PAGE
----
Recovery mode is the mode you can enter in WordPress when your site has an error causing an error page to show to all visitors.
If you encounter an error of this kind, an error page that looks like this is shown to all visitors:
What causes critical errors in WordPress?
Critical errors can occur in WordPress when you update the WordPress version, plugin version or theme version (there are other reasons I’ll discuss below, but these are the main issues). The critical error is shown when WordPress cannot load your site for some reason. If WordPress finds some malformed function in a plugin script, the whole site could be taken down, and you will be presented with the screen above.
It’s always safest to update only one plugin at a time. This way, you can be sure what plugin has affected your site. If you update a long list of plugins at once, you will struggle to identify what plugin contains the problematic code quickly.
How do you access recovery mode?
If you try and log into the admin panel of your WordPress site when there has been a critical error, you will see a slightly different message than the average user trying to access your site. The message looks like this:
There are two methods to access recovery mode. The first method of accessing recovery mode in WordPress is to do exactly what this admin message asks. That is, go and check your inbox for an email from your WordPress site. This email will contain a link that will take you into the recovery mode section of your site. This is the best way to access the recovery mode, as it will give you more information about why the error occurred.
The second method of accessing recovery mode in WordPress follows the link below. This link is just a plain URL beginning with your site address. For example, if your site were bernieslearnings.com, then the link would look like this:
Unfortunately, if you use this method to access the recovery mode, you will have to determine the root cause of the issue by yourself.
How to get out of recovery mode?
Once you’ve logged into your dashboard, you will see a notice at the top of the screen showing that you are now loaded into your admin panel in recovery mode. Exiting recovery mode is done by logging out of the admin panel you need to be sure that when you exit recovery mode, you fix the issue that was causing the site to throw the critical error message in the first place.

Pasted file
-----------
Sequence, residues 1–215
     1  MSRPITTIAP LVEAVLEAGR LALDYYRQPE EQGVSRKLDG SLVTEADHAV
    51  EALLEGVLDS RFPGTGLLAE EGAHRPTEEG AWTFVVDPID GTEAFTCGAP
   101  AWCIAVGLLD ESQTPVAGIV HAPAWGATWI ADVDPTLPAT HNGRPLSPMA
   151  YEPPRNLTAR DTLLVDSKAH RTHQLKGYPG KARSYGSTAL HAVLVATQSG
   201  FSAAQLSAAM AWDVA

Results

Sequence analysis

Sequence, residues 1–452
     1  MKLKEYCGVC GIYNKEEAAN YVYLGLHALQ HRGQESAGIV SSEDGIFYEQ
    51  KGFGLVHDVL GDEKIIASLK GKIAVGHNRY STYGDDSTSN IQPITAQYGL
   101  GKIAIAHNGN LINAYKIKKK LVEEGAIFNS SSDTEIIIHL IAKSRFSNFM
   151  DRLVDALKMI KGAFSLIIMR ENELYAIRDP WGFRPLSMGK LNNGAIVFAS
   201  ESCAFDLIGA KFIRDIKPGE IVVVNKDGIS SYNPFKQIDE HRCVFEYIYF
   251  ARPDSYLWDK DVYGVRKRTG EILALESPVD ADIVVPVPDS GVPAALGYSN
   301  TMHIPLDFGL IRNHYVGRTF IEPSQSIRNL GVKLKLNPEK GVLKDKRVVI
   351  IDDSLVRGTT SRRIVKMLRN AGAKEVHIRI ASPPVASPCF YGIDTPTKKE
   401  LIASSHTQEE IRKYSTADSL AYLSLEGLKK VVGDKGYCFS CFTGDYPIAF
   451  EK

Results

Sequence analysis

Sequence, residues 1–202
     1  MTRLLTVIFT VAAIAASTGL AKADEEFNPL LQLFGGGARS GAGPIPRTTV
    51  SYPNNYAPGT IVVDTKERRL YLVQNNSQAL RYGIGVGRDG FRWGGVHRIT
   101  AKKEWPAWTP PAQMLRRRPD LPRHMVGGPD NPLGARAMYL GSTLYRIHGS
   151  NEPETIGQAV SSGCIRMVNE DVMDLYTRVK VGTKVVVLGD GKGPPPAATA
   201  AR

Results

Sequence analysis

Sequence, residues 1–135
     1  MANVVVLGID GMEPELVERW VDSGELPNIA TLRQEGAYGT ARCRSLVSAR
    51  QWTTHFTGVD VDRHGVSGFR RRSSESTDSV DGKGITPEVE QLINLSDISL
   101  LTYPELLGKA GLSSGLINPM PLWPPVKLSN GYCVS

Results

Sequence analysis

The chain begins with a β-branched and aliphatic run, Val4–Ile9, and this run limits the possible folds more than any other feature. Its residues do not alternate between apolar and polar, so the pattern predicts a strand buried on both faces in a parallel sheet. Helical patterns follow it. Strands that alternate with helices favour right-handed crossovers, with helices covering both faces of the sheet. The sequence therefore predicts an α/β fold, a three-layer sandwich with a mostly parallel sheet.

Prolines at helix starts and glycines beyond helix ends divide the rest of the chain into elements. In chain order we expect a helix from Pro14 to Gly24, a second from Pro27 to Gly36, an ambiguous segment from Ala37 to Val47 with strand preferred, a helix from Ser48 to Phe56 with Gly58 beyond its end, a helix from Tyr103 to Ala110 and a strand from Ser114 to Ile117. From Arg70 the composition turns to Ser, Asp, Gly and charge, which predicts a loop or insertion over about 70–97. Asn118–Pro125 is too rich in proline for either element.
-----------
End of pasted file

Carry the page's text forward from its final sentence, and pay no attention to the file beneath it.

How to fix issues causing the WordPress critical error message?
To fix issues causing the WordPress critical error message to appear, you need to look at your site in terms of what things you may have updated recently. That’s always a good first place to look. I suggest looking at the plugins and seeing if you’ve updated any of those recently. If you can find one plugin that you updated most recently, then that plugin will probably cause the issue.
In recovery mode, you can delete the plugin, reinstall the previous version, and then start your site again to see if that was causing the critical error message. Another reason might be that you updated your theme, and part of the code in the theme is causing the site to crash.
Updating themes might be causing the critical error message. It is always good to have a known working theme on your site so that you can activate this theme to ensure your current theme isn’t the cause of the error message. A good example of safe themes is any theme distributed with WordPress installation. For example, the theme Twenty Twenty would be a good choice for a safe theme.
A possible cause of the critical error message could be updating your WordPress version. Most likely, this would be an issue when you upgrade major versions, for example, from WordPress 4.x to 5.x. Minor version changes will be less likely to cause a critical error. If you find that updating WordPress has caused a critical error, then most likely, a plugin or your theme is not compatible with the new version of WordPress.
In this situation, you would have to look at each plugin individually (by disabling the others and turning on plugins one at a time). There may not be new versions of each plugin, and you may be forced to remove a plugin entirely (at least until the developer of the plugin releases a new update).
Finally, if you haven’t updated anything on your site (be sure to check if something got updated automatically as the above causes may still apply), the issue could be on the server in terms of memory/disk/CPU etc…
These situations are significantly more difficult to diagnose. For example, you may have exceeded the maximum memory usage allowed by PHP, or there may be a permission-related error. If the above steps haven’t helped resolve the issue, you should raise this with a software engineer to diagnose and fix the problem.
WordPress recovery mode should be accessed when you see the critical error message page. In this mode, you can determine the cause of the critical error (in most cases, anyway). Once you have fixed the problem, most likely a plugin issue, you can log out of recovery mode, and your site should return to normal. If the problem can’t be resolved by using recovery mode, then you should escalate the problem to a system administrator or software engineer to help determine the root cause.